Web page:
Despite every effort the tears came. Alone in her rubbish tip of a back garden, Pippa collapsed to her knees on the scratchy patch of green that tried valiantly to pass for a lawn. Once the storm had subsided, Pippa became aware of another presence. Lifting her head slightly, her eyes alighted on a pair of smart sandals.
“Are you all right, my dear?” a melodious voice enquired, then tutted. “Silly question, you are obviously not all right. I am Felicity Reynolds; I live next door. I just called round to welcome you to the neighbourhood, which has been unsuccessful in making you feel welcomed so far.”
Scrambling to her feet, Pippa took in the rest of her visitor. Alert eyes sparkled from a smiling middle-aged face, beautiful and full of character.
“I am sorry to intrude,” Felicity said. “I will go.”
“No, please do not. Pippa shrivelled at the thought of being alone again.
“Pippa Marriot. If you will excuse the mess, I can locate the kettle and will make us a drink.”
Felicity eyed Pippa over her mug of tea.
“Why were you crying, Pippa? Is it anything I can help you with?” she enquired so matter of factly, it made Pippa, usually ill at ease with strangers, relax.
It all came out – her husband Lenny’s redundancy, his inability to find another job, and him feeling like a total failure.
“Then he went out one day with his best friend and came home eager to join the Army! Good money and fantastic training, he told me.” Pippa ran her fingers through her hair.
“He was so passionate about it.” She looked around for a tissue as the tears started again.
“We got this house for a song as so much needs to be done to it, but it was something we were going to do once we had both found other jobs. By the time everything was sorted with him, all the dates clashed. I have had to organise it all myself.” She blew her nose hard. “Goodness, do I not sound like a whiner? I am usually a lot more positive than this.”
Then she gave a faint smile.
“I do not think I have ever opened up like that to a stranger before; you are incredibly easy to talk to.”
Felicity squeezed her hand.
“It will have done you good to talk, my dear,” she said. “I suspect you have been bottling things up for a while.”
“I put a brave face on for my parents, too,” Pippa admitted. “They were worried enough with Lenny joining up like that, never mind me starting a new life on my own in a strange place.”
Pippa picked at the tissue in her hand and gave Felicity a watery smile.
“I am so sorry you found me like that. I suddenly felt I needed some air. I guess everything just got on top of me.” She blew her nose again. “I miss Lenny so much.”
“Well, of course you do, my dear.” Felicity patted her hand.
“There are so many trouble spots he could be sent to. It is such a worry.”
“It is,” Felicity said. “It is always hard on the wives.”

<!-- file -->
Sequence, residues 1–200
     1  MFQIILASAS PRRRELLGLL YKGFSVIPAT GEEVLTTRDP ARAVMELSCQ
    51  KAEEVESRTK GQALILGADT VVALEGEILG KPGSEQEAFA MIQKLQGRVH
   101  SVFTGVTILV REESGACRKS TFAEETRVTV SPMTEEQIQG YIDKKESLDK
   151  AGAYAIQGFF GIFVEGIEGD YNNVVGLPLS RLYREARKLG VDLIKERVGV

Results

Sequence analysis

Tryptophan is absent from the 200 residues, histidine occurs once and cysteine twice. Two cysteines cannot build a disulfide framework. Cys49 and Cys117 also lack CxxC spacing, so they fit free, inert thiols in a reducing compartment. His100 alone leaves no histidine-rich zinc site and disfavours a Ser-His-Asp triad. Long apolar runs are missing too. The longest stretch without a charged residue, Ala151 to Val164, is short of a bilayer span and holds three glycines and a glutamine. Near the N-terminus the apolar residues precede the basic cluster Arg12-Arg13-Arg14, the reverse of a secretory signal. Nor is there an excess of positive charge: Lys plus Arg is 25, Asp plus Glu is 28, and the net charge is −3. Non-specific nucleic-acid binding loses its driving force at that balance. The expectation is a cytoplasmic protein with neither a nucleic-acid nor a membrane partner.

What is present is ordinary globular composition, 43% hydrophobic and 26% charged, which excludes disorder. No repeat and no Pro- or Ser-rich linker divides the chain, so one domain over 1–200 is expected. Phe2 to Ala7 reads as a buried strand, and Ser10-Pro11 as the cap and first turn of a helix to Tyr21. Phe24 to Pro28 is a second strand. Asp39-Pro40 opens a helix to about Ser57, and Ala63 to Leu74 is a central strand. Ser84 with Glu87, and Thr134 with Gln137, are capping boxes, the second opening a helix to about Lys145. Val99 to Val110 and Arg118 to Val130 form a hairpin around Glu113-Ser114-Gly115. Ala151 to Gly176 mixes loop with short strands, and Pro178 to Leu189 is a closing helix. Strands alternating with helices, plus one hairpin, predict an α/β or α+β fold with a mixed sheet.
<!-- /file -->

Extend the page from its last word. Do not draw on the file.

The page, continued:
Pippa stared at her.
“Both my husband and son were in the forces, Pippa,” Felicity explained.
“They came through fine, but my husband had not been home very long before I lost him. He was quite a bit older than me. My son met an American girl and he lives there now, so I do not get to see them, or my grandchildren, very often. We Skype each other, of course, but it is not the same. Especially when all I long to do is hug them all.”
Clearing her throat, Felicity stood up.
“But I count my blessings,” she said. “I have wonderful friends and a full life. Well, my dear, I must go. It is lovely to have met you. Pop your phone number down for me, and I will be in touch.”
Pippa tried to “count her blessings” after her neighbour had gone, but failed dismally.
All she could see was life in a strange town where she did not bother looking at what was around her, now that she had been in so much misery. Her family was miles away and her husband was at the other side of the world.
Unearthing sheets and a duvet, she trudged upstairs to make up her bed. Perhaps she would feel better after a good night’s sleep.
She quickly fell into a dreamless sleep and awoke to the sound of her phone ringing.
“Pippa? It is Felicity. How are you this lovely Saturday morning?”
“Loads better, thank you.”
To her surprise, Pippa found it was true. She did feel more positive this morning – maybe because the sun was streaming into her bedroom.
“Well, I have a few people coming for coffee this morning, and if you would like to join us, you would be more than welcome.”
Pippa’s heart sank. A roomful of strangers was her worst nightmare. Her natural shyness always meant it took her ages to make friends.
“It is very kind of you, Felicity,” she found herself saying, “but really, I have so much to do. Thank you for thinking of me.”
Hanging up, Pippa felt the tears start again.
How could she make a new life for herself like this?
A few minutes later the doorbell rang. Shrugging on her dressing gown, wondering who on earth it could be, Pippa ran down the stairs.
“I would have thought it was more important to meet your new neighbours than do jobs all by yourself,” her new neighbour said mildly. “If you really want to be alone then say so and I will go away.”
“Come in.” Pippa waved Felicity into the kitchen and reached for the kettle.